Truth in lending: Regulatory Measures in India

[The following guest post is contributed by Neha Somani of Vinod Kothari
Consultants Pvt. Ltd. The author can be contacted at [email protected]]
Truth-in-lending laws, found in many countries world-over,
ensure that lenders make a truthful disclosure of their rates of interest, and
do not seek to attract borrowers with misleading rates of interest. Truthful
disclosure of rates of interest is as important as fair disclosures made by a
vendor selling goods. There was a time when there was no truth-in-lending in India
at all. A lender could get away with disclosure of what was called “flat
rate of interest”, which was almost like half of the actual interest
rates. Leading housing finance lenders would show what was called “annually
declining rate of interest”, which was also was deceptively lower
than the actual interest rates
.
The Truth in
Lending Act (TILA) of 1968
is United States’ Federal law that requires
lenders to provide standardized information so that borrowers can compare the loan
terms and take their call accordingly. It has been implemented by Regulation Z
(12 CFR Part 226). Regulation Z has
been considered
as one of the most complex and broad regulations in the
consumer lending space. Compliance with this regulation has become increasingly
more challenging over the last few years. Contrary to popular belief, the Truth
in Lending Act does not regulate the charges that may be assessed against
consumer credit.  Instead, it requires a standardized disclosure of the
charges and costs that consumers can then compare with other creditors. It is
intended to ensure that credit terms are disclosed in a meaningful way so that
the consumers can compare credit terms more readily and knowledgeably. This is
done to stabilize the economy and encourage competition amongst financial
institutions by keeping their consumers informed about the terms and conditions
of the credit for which they are applying. 
Before its enactment, consumers were faced with a
bewildering array of credit terms and rates. It was difficult to compare loans
because they were seldom presented in the same format. Now, all creditors must
use the same credit terminology and expressions of rates. At the application
stage, disclosure of terms and conditions allows the consumer to compare credit
offers from different financial institutions. At the acceptance stage,
full disclosure of terms and conditions allows him, to adequately predict how
much the credit arrangement will cost him and whether it is an appropriate
financial move.
Two of the most important terms regulated by this Act are
finance charges and the annual percentage rate. Both of these terms may be
difficult for a lay person to understand, may vary from lender to lender, and
may greatly impact a consumer’s personal finances. The Act explains that the
amounts of both the finance charges and the annual percentage rates need to be
disclosed and may not vary significantly from the disclosed values. This
is essential for the consumer’s understanding of the credit terms and ultimate
repayment amount.
There are both civil and criminal penalties if the Act is
violated. Creditors can be liable for violating the disclosure terms of the Act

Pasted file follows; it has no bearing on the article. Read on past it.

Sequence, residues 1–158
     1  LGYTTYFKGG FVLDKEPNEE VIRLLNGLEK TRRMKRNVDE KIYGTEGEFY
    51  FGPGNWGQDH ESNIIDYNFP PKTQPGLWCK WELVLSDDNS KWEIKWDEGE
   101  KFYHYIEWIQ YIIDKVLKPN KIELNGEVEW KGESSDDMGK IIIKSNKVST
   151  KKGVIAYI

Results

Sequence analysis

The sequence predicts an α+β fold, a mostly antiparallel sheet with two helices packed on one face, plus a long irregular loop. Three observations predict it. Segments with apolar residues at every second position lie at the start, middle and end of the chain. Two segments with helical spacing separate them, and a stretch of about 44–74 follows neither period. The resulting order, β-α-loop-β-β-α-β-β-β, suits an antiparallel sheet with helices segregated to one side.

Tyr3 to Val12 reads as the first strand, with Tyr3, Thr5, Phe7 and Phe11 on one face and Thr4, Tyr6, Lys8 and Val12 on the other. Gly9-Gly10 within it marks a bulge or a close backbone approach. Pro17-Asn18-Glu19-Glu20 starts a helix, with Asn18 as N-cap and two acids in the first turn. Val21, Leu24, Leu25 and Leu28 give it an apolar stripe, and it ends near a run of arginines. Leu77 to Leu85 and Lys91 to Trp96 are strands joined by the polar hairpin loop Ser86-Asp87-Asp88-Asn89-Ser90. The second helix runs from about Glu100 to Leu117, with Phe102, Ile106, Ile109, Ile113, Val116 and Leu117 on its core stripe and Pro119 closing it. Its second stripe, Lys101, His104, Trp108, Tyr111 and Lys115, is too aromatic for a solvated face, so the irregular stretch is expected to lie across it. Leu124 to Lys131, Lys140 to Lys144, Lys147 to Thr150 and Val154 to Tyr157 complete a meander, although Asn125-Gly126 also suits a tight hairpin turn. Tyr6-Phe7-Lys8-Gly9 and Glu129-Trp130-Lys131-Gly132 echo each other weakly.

even if the consumer was not hurt by the violation unless the creditor fixes
the error within 60 days of notification or proves that the error was made
unintentionally. If a creditor does not comply with the requirements of the Act,
the consumer can file a lawsuit within one year of the alleged violation. Willful
violations of the Act could result in criminal charges being brought and
sentences of fines and prison time being imposed.

RBI barred
suppliers’ subvention financing
 

The Reserve Bank of India (RBI), through its circular
dated September 17, 2013
, took the high moral ground in directing
commercial banks to desist from certain “pernicious practices,” which, in its view,
“deter consumer protection and accounting integrity.” At the core of its
directives, was the fairly widespread practice of certain banks which offer
retail loans at “zero per cent” interest to purchase high value consumer
durables such as LCD TV sets, high-end refrigerators, and the like. Arguing
that there is no such thing as an interest-free loan, the RBI laid down
guidelines to make a large swathe of retail lending by banks more transparent.
Subvention, as well as moratorium on payment, are fairly common practices to
boost sales. There has been a disquieting tendency among banks of not giving
their customers information on the full extent of such concessions. Even more
unacceptable has been the practice of part-loading these to the interest rate
charged to make the latter appear lower. Through this notification, banks were
asked to pass on the benefits to their consumers “fully and indiscriminately”,
without camouflaging them in the form of lower interest rates. Thus, a discount
on the price would mean a lower quantum of loan. It also stated that repayment
of the loan would commence only after the moratorium period.
Credit card issuing banks quite
often promise
an interest-free EMI loan if a particular card is used for a
particular purpose- saying, booking of a travel. There are no free lunches in
life; neither is there any interest free credit in the world of banking.
Here,
zero interest is a misnomer because the borrowers are charged a high processing
fee.
 It is just that
the bankers are getting merchant commissions from the respective merchants
offering the services – in this, the airline or the travel company, from which
the interest is being made up
. Canons of transparency
require all such fees to be uniform across all products and segments. It was
also stated that no fees would be charged on debit card transactions by
merchants. Considering the overall scenario, consumer protection is far more
vital than a short-term dip in sales of consumer durables, which will rebound